Quotes by "Christopher Lasch"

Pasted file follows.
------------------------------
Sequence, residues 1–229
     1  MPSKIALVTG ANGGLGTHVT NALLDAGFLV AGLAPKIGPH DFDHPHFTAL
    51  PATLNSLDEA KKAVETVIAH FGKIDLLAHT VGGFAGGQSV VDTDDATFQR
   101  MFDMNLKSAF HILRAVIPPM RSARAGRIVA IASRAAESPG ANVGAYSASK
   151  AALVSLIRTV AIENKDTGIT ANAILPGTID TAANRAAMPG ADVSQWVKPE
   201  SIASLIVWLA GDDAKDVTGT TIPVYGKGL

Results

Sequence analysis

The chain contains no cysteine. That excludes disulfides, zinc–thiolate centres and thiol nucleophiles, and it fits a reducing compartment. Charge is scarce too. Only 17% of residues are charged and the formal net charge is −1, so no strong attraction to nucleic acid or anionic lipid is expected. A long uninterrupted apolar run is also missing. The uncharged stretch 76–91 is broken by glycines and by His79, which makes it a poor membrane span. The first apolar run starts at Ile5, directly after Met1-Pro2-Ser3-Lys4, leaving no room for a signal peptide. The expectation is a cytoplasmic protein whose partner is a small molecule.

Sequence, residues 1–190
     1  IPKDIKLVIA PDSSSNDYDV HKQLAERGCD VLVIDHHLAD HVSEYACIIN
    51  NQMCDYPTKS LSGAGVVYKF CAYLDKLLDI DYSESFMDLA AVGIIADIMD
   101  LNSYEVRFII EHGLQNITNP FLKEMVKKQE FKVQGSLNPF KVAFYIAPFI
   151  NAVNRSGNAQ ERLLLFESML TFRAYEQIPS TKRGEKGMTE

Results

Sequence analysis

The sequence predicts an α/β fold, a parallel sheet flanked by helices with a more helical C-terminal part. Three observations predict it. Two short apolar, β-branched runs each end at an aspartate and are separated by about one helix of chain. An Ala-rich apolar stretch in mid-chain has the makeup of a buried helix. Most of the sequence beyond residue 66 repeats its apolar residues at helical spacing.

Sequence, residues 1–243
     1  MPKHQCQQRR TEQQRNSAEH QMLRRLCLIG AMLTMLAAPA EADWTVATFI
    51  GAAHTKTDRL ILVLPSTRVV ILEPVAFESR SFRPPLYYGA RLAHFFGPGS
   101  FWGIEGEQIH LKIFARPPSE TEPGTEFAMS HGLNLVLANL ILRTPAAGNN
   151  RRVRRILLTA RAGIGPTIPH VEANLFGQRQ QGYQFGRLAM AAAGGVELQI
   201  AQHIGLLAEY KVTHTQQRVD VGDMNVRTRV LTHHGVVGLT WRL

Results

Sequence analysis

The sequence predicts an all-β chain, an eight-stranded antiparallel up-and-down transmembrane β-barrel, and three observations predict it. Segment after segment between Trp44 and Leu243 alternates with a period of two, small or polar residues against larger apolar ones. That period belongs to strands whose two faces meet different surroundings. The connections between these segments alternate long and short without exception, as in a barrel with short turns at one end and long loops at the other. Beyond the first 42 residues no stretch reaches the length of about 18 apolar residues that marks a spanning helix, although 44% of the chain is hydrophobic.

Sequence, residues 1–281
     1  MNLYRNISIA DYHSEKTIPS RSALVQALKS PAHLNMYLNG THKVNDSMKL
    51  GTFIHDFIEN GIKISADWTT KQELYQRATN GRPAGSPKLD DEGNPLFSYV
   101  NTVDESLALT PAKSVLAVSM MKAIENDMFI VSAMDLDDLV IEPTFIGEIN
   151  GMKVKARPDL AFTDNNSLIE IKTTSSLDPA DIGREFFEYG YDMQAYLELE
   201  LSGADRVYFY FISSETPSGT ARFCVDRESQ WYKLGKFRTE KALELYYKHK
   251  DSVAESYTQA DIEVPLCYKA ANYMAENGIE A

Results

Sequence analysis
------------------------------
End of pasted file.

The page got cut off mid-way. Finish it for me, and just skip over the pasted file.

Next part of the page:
The history of popular movements, including the civil rights movement of the fifties and sixties – the last of such uprising in American history – shows that only an arduous, even a tragic, understanding of life can justify the sacrifices imposed on those who seek to challenge the status quo. The idea of progress alone, we are told, can move men and women to sacrifice immediate pleasures to some larger purpose. On the contrary, progressive ideology weakens the spirit of sacrifice. Nor does it give us an effective antidote to despair, even though it owes much of its residual appeal to the fear that its collapse would leave us utterly without hope. Hope does not demand belief in progress. It demands a belief in justice, a conviction that the wicked will suffer, that wrongs will be made right, that the underlying order of things is not flouted by impunity. Hope implies a deep-seated trust in life that appears absurd to those who lack it. It rests on confidence not so much in the future as in the past. It derives from early memories – no doubt distorted, overlaid with later memories, and thus not wholly reliable as a guide to any factual reconstruction of past events - in which the experience of order and contentment was so intense that subsequent disillusionments cannot dislodge it. Such experience leaves as its residue the unshakable conviction, not that the past was better than the present, but that trust is never completely misplaced, even though it is never completely justified either and therefore destined inevitability to disappointment. If we distinguish hopefulness from the more conventional attitude known today as optimism – if we think of it as a character trait, a temperamental predisposition rather than an estimate of the direction of historical change – we can see why it serves us better, in steering troubled waters ahead, than a belief in progress. Not that it prevents us from expecting the worst. The worst is always what the hopeful are prepared for. Their trust in life would not be worth much if it had not survived disappointments in the past, while the knowledge that the future holds further disappointments demonstrates the continuing need for hope. Believer in progress, on the other hand, though the like to think of themselves as the party of hope, actually have little need of hope, since they have history on their side. But their lack of it incapacitates them for intelligent action. Improvidence, a blind faith that things will somehow work out for the best, furnishes a poor substitute for the disposition to see things through even when they don't.